Right in time for Halloween, the Republican Party as we’ve known it has died. Not any old death, mind you, but a gruesome, invasion-of-the-body-snatchers kind of death.
From the nation’s capital to the state Capitol, some of the most powerful Republicans have read the handwriting on the wall for 2018 and concluded that the party of Steve Bannon and Dan Patrick was no longer theirs. This spells doom for the political center, and business, in particular. And the end of the GOP.
The Republican Party is dead, with the abrupt retirement of Texas House Speaker Joe Straus coming atop that of Republican senators and House members in Washington. But it’s not a normal death. It’s like one from a zombie movie in which the twitching corpse is recognizable, but really it’s only the nefarious host moving the limbs awkwardly about, trying to get a feel for their power.
The modern Republican Party hasn’t been the country club martini of Nelson Rockefeller or the bomb-throwing of Barry Goldwater for nearly half a century. Instead, it delivered its version of what George Will called for in his 1984 book, Statecraft as Soulcraft: justice, social cohesion and national strength.
Even the welfare state, reviled by conservatives at the time, served a purpose embodying the ethic that we will take care of our fellow people.
The questions simply became how and how much. The answers evolved, imperfectly and controversially, into a muscular, expensive national defense, economic policy that favored free markets here and abroad, and social policy based on a moral outlook. Love it or hate it, this is what most of us simply called enlightened self-interest.
And all that has now been destroyed by the people who effectively hijacked the Republican Party. The cases of Arizona Sen. Jeff Flake and Tennessee Sen. Bob Corker are largely and widely known; upon retiring, they are speaking their minds about dangerous ineptitude and lack of any moral fiber in the Republican president, Donald Trump. They are not alone; a wave of retirements is shaping up in the House.
Yes, these moderate Republicans would probably not get re-elected in the havoc Trump and his ilk have infected into the Republican Party. But guess what? Neither could George W. Bush, a two-term president, nor his father, George H.W. Bush, a founder of the Republican Party in Texas. And neither, apparently, could a slew of other incumbents — including most notably Straus, Republican of San Antonio, speaker of the Texas House and the last adult among Republicans in Austin.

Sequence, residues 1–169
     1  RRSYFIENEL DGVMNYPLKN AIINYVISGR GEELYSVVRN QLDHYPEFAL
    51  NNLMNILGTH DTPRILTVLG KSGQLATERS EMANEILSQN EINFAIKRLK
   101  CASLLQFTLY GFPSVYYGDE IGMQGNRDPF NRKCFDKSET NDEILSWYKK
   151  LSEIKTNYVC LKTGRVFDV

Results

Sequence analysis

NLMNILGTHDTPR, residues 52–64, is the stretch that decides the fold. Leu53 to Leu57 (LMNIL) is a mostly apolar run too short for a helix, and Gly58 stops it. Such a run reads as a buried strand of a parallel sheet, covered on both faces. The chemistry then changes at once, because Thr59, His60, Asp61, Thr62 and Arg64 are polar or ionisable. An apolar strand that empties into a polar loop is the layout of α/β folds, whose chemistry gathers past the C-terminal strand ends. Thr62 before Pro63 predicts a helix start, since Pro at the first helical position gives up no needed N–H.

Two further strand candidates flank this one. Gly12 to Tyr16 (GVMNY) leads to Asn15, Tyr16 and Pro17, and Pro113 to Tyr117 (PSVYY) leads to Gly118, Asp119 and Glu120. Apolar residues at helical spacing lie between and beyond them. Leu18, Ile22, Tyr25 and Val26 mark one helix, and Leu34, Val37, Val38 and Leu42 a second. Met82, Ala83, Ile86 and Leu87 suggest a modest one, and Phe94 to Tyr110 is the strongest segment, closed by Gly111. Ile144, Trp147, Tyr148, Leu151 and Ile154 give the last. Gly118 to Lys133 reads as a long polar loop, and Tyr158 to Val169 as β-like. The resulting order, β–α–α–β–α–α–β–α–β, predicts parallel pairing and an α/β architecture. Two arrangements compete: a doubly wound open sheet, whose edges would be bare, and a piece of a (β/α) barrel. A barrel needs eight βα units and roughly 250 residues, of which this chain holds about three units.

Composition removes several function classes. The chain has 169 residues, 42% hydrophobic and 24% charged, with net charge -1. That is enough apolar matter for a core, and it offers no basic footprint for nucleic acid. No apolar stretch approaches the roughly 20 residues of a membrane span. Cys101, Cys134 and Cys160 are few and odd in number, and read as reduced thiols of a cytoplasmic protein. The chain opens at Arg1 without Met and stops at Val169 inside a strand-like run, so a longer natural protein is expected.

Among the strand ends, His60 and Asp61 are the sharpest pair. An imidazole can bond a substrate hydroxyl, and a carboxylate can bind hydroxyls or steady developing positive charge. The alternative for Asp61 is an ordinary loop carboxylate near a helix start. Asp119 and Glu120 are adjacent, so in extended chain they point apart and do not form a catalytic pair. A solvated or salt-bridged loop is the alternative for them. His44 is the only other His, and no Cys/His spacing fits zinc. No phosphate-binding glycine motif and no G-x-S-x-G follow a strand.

Straus stood between Patrick, his latest body snatch, Gov. Greg Abbott, and two of the most discriminatory laws in recent state history: the “show me your papers” law encouraging racial profiling of Hispanics and the “show me your birth certificate law” regulating, basically, which restrooms transgender schoolkids could use. Straus stood with business in successfully opposing the latter as the other was bundled off to a court fight.
Along the way, though, he did other things. He checked Patrick’s use of the state Senate as a personal plaything. His chamber grappled with real-world problems like paying for public education. Straus was the only leader in Austin to stop and ask just how good a job Texas is really doing with its economy, and if it needs to do more to be economically competitive.
All were problems that somehow eluded the right-wing zeal of Patrick or the aimlessness of Abbott. It was perfectly symbolic that as Straus explained his retirement in Austin, the lieutenant governor and governor were headed to Dallas to attend a fundraiser for Trump. Those are the aliens (Trump had pretty much been a Democrat until it was convenient) who have taken over the Republican Party, which is Republican now in name only.
Instead, this new party — call it the Chaos Party — is ostensibly led by a president who is grossly incompetent at governing, bereft of ethics, and reviled by a majority because he’s busy denying Lincoln’s first law of governing: He’s trying to fool all of the people all of the time. The deficit? Forget it. A coherent strategy of national security? Hasn’t got one. Tax cuts — just $1.5 trillion in tax cuts — emanate from the empty husk of what was once one of America’s two great political parties.
The big losers in all this? Well, the country for one. Those tax cuts could fuel a $2.4 trillion deficit, according to the Tax Policy Foundation. Sixty-one percent of Texans think the country is headed in the wrong direction, according to the latest Texas Tribune-UT Austin poll, and ours is a state that voted for Trump.
And business. Business depends upon reducing risk and increasing predictability. People like Straus, Corker and the rest delivered predictability. Without them, risk goes up. If the Trump administration abandons NAFTA, for example, it could wipe out one-sixth of the Texas economy overnight. From Korea to the courthouse, the people who’ve taken over for the Republican Party stand for chaos. And in Washington, I wouldn’t count on those tax cuts.
Well, so long, Mr. Straus; you’d have made a decent governor, actually. As for the Republican Party? In a horror movie, the host would beg for a mercy killing. But reality is far harsher than the movies.
Richard Parker is the author of Lone Star Nation: How Texas Will Transform America. Email him by visiting www.richardparkertx.com or follow him on Twitter @richardparkertx.